Make Marijuana Legal By The Next 4/20
Marijuana/drug defense lawyer pursuing the best defense in the Northern Virginia courts. DWI and criminal defense, felony and misdemeanor defense.
Maybe marijuana legalization and decriminalization would have moved faster by now had the substance not become so closely associated with stoners. Even the term 420 for marijuana apparently originated with high school students meeting at 4;20 p.m. for some toking, meeting at the Louis Pasteur statue. Let the next 4-20/April 20, 2017, be the year that marijuana is legal throughout the land.
Thanks and congratulations to the many marijuana legalization activists who transcended the decades of hurdles and frustrations — and the politicians and other government officials willing to risk joining the effort — to finally get medical marijuana legalized in one form or another in many states, and to legalize and further decriminalize marijuana in numerous states (see another chart here).
By now, with medical marijuana legalized in so many states and legalized in four states for recreational use, we know that marijuana appeals far beyond stereotypical stoners. Its medicinal uses for pain, anxiety, depression, and attention deficit disorder come without many of the undesirable side effects of lawfully prescribed medicine. Those who consume marijuana to relax at the end of the day are likely to relax, whereas alcohol so often leads to violence. Marijuana is far from the perceived evil weed of reefer madness.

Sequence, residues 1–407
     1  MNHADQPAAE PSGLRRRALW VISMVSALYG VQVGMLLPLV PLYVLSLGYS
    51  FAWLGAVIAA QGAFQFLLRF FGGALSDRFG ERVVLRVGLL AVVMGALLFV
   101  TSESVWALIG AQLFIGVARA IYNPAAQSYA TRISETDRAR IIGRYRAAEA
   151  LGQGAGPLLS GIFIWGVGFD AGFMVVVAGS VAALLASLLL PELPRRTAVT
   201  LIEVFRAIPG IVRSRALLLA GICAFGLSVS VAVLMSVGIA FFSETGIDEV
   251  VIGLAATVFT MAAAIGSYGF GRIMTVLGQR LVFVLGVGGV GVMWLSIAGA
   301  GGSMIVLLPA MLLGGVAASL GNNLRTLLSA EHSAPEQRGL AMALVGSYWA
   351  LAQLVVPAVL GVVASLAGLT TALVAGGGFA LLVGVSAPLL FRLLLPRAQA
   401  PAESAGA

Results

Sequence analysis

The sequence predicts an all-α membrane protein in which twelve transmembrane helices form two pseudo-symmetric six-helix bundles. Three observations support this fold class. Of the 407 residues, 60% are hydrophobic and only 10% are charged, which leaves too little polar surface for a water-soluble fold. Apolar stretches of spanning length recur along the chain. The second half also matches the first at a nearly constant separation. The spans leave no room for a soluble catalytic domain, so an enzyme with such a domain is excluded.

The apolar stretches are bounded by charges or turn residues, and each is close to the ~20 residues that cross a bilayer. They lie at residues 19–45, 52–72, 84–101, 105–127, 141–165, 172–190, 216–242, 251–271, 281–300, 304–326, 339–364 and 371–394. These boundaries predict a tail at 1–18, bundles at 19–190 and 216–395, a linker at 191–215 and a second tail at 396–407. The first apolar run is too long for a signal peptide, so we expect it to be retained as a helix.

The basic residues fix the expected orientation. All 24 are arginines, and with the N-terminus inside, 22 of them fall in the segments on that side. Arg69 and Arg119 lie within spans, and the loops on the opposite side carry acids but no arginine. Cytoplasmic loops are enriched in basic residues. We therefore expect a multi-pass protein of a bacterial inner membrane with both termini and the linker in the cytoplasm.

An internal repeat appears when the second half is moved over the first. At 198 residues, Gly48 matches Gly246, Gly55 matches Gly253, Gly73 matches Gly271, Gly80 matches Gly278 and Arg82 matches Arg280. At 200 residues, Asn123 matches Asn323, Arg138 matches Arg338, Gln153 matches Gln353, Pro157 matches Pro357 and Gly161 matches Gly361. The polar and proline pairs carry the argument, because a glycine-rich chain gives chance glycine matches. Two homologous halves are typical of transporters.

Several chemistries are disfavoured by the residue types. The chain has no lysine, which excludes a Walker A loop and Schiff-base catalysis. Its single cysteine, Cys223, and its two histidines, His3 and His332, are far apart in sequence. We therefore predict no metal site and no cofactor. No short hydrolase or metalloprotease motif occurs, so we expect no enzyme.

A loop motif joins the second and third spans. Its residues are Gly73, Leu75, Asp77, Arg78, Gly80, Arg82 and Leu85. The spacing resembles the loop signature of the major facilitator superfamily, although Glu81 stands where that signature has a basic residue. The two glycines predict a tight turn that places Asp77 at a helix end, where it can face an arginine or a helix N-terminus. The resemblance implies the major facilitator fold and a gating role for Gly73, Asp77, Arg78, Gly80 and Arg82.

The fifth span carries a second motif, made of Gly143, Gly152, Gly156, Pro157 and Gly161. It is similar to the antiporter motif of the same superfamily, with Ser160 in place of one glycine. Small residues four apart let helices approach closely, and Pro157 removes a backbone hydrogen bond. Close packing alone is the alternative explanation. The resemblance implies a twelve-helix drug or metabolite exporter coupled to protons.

For me, marijuana legalization is about freedom of choice. I have had not even a drop since 2005, but want alcohol to stay legal because doing otherwise would rob me and society of freedom of choice and turn the government into more of a police state than it already is. The same goes for marijuana. I have not consumed it since before law school (but a handful of times), and have no interest in doing so, but marijuana’s continued criminalization is antithetical to civil liberties, repeatedly gives police an excuse to stop and search people and their possessions on a claim that marijuana odor sensed by police or drug-sniffing dogs provides probable cause to search for it, arrests and prosecutes and sentences and jails people for marijuana use, and, with marijuana convictions, threatens people’s immigration status, military status, and security clearance status.
Free the weed.